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Living in Prison: Insights from the American Prison Writing Archive
October 6 @ 6:00 pm – 7:30 pm
Two million people in the United States live behind bars, in prisons and jails. Their voices are largely absent from the civic sphere, political debate, and mass media. Yet imprisoned authors are among the sharpest analysts of their own situation, as well as of U.S. politics and society in general. Now, the American Prison Writing Archive, a collection of over 3,300 essays by incarcerated people, is moving to Johns Hopkins University, as a resource available to everyone to learn about life behind bars. In this panel discussion, the founder of the American Prison Writing Archive, Dr. Doran Larson, will be in conversation with three current JHU undergraduates who have recently completed year-long original research projects based on essays in the Archive, supervised by Dr. Vesla Weaver and Dr. Stuart Schrader. Larson will provide an overview of the Archive, and the students will present their research findings on Covid-19 in prison, legal efforts to prevent sexual assault in prison, and bureaucratic hurdles to rehabilitation.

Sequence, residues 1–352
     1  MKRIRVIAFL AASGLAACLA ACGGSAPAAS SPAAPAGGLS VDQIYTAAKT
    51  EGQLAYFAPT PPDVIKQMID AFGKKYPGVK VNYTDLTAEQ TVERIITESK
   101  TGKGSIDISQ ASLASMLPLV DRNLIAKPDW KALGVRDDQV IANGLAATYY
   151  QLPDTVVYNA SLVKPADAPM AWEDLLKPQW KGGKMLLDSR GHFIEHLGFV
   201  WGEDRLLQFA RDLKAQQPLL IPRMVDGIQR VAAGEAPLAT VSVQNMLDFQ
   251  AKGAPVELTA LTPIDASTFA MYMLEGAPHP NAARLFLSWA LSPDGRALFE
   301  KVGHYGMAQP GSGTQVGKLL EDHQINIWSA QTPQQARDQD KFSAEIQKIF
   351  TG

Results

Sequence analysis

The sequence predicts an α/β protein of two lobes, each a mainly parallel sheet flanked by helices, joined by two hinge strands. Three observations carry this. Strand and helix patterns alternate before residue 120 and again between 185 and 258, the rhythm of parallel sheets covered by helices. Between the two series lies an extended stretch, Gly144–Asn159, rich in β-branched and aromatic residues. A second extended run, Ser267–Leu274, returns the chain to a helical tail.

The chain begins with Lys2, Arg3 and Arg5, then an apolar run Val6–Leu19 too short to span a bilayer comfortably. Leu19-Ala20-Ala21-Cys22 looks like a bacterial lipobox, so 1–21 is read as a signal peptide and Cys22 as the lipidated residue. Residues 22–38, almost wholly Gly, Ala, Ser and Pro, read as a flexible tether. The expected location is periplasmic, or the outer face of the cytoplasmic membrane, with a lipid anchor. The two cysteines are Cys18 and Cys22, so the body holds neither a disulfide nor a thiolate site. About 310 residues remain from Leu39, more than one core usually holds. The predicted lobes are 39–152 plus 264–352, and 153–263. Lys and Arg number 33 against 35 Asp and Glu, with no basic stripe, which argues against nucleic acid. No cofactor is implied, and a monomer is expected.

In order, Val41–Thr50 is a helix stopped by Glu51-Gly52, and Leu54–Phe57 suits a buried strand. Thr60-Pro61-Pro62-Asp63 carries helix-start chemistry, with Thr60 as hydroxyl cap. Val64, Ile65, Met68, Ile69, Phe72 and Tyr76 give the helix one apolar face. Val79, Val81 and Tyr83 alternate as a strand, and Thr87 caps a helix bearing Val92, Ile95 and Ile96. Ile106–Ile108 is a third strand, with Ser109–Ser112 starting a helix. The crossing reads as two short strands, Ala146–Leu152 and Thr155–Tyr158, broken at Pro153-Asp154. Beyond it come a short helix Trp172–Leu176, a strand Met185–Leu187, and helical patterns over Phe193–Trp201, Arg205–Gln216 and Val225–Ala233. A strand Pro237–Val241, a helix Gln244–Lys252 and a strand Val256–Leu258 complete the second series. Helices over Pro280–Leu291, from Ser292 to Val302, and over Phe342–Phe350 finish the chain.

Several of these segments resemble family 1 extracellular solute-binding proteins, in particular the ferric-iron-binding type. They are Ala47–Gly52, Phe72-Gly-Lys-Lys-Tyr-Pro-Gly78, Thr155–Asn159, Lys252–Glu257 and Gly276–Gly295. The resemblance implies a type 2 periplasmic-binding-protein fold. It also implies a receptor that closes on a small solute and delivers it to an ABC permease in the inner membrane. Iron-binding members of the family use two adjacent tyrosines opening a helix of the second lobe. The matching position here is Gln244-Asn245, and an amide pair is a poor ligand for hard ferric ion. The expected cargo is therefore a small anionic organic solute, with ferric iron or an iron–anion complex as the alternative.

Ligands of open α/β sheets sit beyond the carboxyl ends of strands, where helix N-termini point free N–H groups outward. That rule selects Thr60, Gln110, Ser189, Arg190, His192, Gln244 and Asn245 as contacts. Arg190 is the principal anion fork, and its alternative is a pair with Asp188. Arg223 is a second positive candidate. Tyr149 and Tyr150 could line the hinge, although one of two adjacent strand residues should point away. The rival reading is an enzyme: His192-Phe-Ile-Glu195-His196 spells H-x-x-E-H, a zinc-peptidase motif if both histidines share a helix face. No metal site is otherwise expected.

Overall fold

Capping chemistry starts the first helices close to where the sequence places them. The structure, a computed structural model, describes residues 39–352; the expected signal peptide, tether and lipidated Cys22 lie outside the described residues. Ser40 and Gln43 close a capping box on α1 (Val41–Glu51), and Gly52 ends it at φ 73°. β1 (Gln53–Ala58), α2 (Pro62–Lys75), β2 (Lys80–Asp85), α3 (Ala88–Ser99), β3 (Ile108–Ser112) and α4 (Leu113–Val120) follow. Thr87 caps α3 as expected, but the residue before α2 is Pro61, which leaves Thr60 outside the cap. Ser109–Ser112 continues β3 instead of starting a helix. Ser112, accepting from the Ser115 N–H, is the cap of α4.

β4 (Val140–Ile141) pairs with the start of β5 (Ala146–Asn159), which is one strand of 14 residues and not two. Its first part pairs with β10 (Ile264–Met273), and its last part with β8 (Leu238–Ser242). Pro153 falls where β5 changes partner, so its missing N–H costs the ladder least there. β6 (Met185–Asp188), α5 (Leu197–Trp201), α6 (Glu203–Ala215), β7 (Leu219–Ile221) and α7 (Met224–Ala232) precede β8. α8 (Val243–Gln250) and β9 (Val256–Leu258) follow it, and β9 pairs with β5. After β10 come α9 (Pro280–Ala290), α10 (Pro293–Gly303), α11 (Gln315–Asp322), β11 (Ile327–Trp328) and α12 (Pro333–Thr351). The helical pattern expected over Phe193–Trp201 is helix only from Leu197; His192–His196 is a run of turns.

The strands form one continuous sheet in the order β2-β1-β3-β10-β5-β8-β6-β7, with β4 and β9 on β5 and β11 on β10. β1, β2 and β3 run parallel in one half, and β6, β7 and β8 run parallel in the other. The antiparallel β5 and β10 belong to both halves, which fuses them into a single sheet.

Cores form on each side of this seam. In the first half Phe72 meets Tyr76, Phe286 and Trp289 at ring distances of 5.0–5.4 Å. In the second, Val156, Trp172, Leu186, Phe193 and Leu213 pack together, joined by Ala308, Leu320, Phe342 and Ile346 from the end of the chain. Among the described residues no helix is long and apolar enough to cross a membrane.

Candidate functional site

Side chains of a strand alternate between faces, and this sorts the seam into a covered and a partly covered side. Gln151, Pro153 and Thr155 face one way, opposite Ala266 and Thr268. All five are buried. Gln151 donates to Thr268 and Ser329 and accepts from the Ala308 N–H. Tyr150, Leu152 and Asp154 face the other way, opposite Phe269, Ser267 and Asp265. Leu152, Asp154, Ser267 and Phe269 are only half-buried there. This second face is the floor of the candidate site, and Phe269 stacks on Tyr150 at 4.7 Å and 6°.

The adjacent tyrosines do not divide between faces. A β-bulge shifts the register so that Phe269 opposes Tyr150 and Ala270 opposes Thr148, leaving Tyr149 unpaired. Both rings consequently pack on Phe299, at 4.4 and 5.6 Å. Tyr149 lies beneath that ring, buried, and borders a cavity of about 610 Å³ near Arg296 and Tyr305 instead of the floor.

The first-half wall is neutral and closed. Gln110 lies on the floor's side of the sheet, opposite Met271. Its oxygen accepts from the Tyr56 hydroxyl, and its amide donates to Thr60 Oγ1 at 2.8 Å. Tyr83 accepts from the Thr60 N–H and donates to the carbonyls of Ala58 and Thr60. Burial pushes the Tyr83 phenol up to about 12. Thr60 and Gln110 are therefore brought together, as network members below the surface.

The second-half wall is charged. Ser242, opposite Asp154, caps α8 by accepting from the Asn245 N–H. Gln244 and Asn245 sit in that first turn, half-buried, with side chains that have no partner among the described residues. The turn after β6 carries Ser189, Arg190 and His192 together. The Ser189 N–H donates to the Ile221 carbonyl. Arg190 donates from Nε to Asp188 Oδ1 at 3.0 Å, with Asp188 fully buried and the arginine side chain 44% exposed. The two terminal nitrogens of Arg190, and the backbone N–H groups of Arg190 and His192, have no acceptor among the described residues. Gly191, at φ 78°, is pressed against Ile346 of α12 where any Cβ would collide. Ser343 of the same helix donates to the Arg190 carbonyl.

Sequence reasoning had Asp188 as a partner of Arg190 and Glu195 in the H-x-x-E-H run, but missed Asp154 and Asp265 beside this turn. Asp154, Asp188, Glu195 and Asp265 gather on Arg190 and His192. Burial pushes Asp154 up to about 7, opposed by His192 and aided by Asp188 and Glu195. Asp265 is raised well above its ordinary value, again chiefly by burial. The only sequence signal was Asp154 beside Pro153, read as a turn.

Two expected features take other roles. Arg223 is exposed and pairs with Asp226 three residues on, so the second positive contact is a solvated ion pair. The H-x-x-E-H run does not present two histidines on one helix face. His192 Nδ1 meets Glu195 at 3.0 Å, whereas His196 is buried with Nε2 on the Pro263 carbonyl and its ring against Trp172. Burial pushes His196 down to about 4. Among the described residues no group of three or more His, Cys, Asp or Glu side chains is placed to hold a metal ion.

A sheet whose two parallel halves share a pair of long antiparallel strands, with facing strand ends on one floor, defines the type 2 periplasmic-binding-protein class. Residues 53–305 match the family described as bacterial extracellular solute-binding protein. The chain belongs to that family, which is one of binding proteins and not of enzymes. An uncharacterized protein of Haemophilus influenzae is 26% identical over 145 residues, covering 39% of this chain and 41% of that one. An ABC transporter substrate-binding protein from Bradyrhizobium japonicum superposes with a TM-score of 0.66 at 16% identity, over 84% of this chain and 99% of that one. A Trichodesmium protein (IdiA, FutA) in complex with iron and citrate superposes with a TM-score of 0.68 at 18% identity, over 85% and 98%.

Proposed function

Location: Hodson 311
Sponsored by the Program in Racism, Immigration, and Citizenship, with the support of a Faculty Grant from the SNF Agora Institute
Dr. Doran Larson, Professor of Literature and Creating Writing, Hamilton College
Adriana Orduña, JHU ‘23, International Studies and Sociology
Emma Petite, JHU ‘24, International Studies and Political Science
Eliza Zimmerman, JHU ‘23, Sociology and Writing Seminars